I did my night rounds, and watched the bombs dropping for a bit, then wandered about having tea here, and ovaltine somewhere else, as nearly everybody else was also doing, and then about 2 am went to bed in my basement and got to sleep. The next thing was I found myself sitting up in bed – chaps were rushing here and there. St Thomas’s has been hit by a bomb.
I donned my dressing gown and slippers and went out into the corridor and was met by a pall of dust. I asked a few questions and found that the wing opposite Westminster Bridge – the nurses’ home – had been hit. I went along and joined a party which was hunting for people who were trapped. Then from 2.30 to 3.30 am we climbed about in the ruins calling out and searching for people. The nurses’ home had been demolished – was just a heap of ruins.
Everybody who was near when the bomb exploded was absolutely covered in black dust – was quite unrecognisable. We found five nurses who were trapped and let them out by shifting some enormous piece of furniture and thus allowing a piece of wall to fall down. They seemed quite cheery.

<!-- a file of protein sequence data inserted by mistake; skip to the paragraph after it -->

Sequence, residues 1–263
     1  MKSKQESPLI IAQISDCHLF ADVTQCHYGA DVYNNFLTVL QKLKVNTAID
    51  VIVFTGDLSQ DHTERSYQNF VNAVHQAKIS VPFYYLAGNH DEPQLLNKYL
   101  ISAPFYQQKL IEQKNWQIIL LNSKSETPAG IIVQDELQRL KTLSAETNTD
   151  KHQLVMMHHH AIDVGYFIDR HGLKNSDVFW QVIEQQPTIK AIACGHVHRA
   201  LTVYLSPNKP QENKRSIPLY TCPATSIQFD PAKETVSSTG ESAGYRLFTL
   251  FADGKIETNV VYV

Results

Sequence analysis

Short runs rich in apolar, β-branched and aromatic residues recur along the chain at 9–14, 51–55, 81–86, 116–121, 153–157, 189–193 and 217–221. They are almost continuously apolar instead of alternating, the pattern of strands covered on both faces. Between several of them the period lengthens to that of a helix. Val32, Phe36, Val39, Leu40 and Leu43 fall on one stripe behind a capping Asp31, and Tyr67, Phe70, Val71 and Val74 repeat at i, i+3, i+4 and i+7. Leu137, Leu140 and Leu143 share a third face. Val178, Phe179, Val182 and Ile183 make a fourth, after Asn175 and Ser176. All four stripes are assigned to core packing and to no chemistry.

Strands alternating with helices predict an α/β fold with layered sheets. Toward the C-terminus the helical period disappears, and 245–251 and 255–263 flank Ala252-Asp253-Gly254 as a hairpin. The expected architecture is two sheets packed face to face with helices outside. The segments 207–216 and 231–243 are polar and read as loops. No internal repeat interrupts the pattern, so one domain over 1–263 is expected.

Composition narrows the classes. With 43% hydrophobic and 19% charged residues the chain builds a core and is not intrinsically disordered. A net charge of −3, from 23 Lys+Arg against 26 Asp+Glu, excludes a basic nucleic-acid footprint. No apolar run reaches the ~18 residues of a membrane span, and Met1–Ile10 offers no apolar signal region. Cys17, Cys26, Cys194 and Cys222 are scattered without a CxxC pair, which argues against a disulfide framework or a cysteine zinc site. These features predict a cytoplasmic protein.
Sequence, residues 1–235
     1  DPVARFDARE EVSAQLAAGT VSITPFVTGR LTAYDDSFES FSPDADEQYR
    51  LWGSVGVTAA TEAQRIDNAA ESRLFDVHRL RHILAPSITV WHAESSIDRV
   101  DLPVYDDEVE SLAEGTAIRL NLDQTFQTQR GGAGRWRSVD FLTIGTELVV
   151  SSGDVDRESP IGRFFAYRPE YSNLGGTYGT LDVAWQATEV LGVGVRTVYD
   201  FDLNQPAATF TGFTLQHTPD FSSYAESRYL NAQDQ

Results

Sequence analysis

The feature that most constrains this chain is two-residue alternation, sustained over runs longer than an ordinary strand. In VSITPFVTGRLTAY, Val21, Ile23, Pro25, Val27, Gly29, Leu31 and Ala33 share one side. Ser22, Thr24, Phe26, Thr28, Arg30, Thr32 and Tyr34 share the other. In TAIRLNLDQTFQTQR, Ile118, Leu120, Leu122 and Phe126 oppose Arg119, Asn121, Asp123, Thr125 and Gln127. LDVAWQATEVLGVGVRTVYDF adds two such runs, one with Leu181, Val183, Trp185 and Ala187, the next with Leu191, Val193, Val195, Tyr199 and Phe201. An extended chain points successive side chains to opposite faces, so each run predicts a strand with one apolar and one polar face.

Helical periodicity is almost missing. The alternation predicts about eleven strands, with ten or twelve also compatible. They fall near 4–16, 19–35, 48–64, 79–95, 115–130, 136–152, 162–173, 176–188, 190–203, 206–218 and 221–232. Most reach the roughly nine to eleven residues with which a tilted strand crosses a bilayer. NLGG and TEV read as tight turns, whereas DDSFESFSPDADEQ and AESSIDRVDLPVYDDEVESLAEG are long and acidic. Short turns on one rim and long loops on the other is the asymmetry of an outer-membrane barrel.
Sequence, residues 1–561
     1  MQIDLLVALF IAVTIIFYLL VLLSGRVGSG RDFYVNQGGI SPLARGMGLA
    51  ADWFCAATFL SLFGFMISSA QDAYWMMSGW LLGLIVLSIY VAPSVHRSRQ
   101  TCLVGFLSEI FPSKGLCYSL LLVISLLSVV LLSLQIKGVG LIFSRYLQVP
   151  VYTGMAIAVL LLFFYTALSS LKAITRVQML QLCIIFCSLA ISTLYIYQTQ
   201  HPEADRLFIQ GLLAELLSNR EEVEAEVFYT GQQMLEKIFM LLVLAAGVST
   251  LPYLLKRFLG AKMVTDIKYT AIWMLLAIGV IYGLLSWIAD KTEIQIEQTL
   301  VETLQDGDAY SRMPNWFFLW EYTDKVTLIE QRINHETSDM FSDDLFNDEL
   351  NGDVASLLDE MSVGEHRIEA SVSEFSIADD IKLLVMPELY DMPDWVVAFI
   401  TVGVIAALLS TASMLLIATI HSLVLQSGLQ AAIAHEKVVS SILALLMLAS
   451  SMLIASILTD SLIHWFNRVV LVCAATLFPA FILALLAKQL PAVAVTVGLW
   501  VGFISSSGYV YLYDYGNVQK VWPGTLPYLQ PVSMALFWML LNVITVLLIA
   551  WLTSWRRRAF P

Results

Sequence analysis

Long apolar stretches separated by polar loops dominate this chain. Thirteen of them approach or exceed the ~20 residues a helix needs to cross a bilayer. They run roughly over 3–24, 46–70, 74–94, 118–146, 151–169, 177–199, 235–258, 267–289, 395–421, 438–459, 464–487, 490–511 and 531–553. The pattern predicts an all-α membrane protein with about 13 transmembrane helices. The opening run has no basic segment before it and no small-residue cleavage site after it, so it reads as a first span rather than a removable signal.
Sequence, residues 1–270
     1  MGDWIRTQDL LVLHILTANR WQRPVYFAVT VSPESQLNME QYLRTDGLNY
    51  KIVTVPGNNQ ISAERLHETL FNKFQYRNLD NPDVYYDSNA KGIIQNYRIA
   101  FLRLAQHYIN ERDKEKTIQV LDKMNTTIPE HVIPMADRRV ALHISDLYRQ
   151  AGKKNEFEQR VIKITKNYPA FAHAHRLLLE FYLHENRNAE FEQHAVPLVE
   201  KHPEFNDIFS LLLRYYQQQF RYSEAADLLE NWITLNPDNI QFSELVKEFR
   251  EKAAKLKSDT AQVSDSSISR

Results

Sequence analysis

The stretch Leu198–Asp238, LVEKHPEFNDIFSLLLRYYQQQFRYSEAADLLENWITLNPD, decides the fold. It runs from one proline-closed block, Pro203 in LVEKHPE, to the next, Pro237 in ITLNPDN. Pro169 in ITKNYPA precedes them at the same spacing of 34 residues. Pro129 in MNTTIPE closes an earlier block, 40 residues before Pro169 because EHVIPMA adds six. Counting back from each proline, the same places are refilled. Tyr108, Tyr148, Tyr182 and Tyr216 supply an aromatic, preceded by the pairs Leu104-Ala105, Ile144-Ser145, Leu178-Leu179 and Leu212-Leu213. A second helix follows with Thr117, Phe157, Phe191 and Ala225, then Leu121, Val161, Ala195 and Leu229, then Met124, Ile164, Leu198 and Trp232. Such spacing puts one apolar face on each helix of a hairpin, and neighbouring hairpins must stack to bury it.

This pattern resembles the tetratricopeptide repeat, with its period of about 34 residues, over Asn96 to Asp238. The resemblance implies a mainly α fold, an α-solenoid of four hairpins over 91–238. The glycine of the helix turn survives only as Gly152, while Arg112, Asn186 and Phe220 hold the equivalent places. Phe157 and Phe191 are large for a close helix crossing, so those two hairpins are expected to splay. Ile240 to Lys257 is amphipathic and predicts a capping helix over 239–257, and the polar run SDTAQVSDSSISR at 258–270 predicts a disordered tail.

All the while the bombs were falling round about – but we did not take much notice of them then. The amazing thing was that only five nurses were killed, and a lot of them had cuts and bruises but nothing serious. One was pinned under the ruins for hours before she died.
In the morning what a spectacle! I can’t describe it but it must have been a high explosive bomb to do all that damage. Then last night the whole hospital, doctors, nurses, maids, pundits and pinkies all slept together in the basement! A most incredible sight – one could hardly move without stumbling over a sleeping form. We all slept very well, partly because we were so tired and partly because we were now getting used to bombs….
This was just one of a dozen occasion when the hospital was hit by bombs during the war, see British Medical Journal 22nd December 1990: ‘The bombing of St Thomas’s’.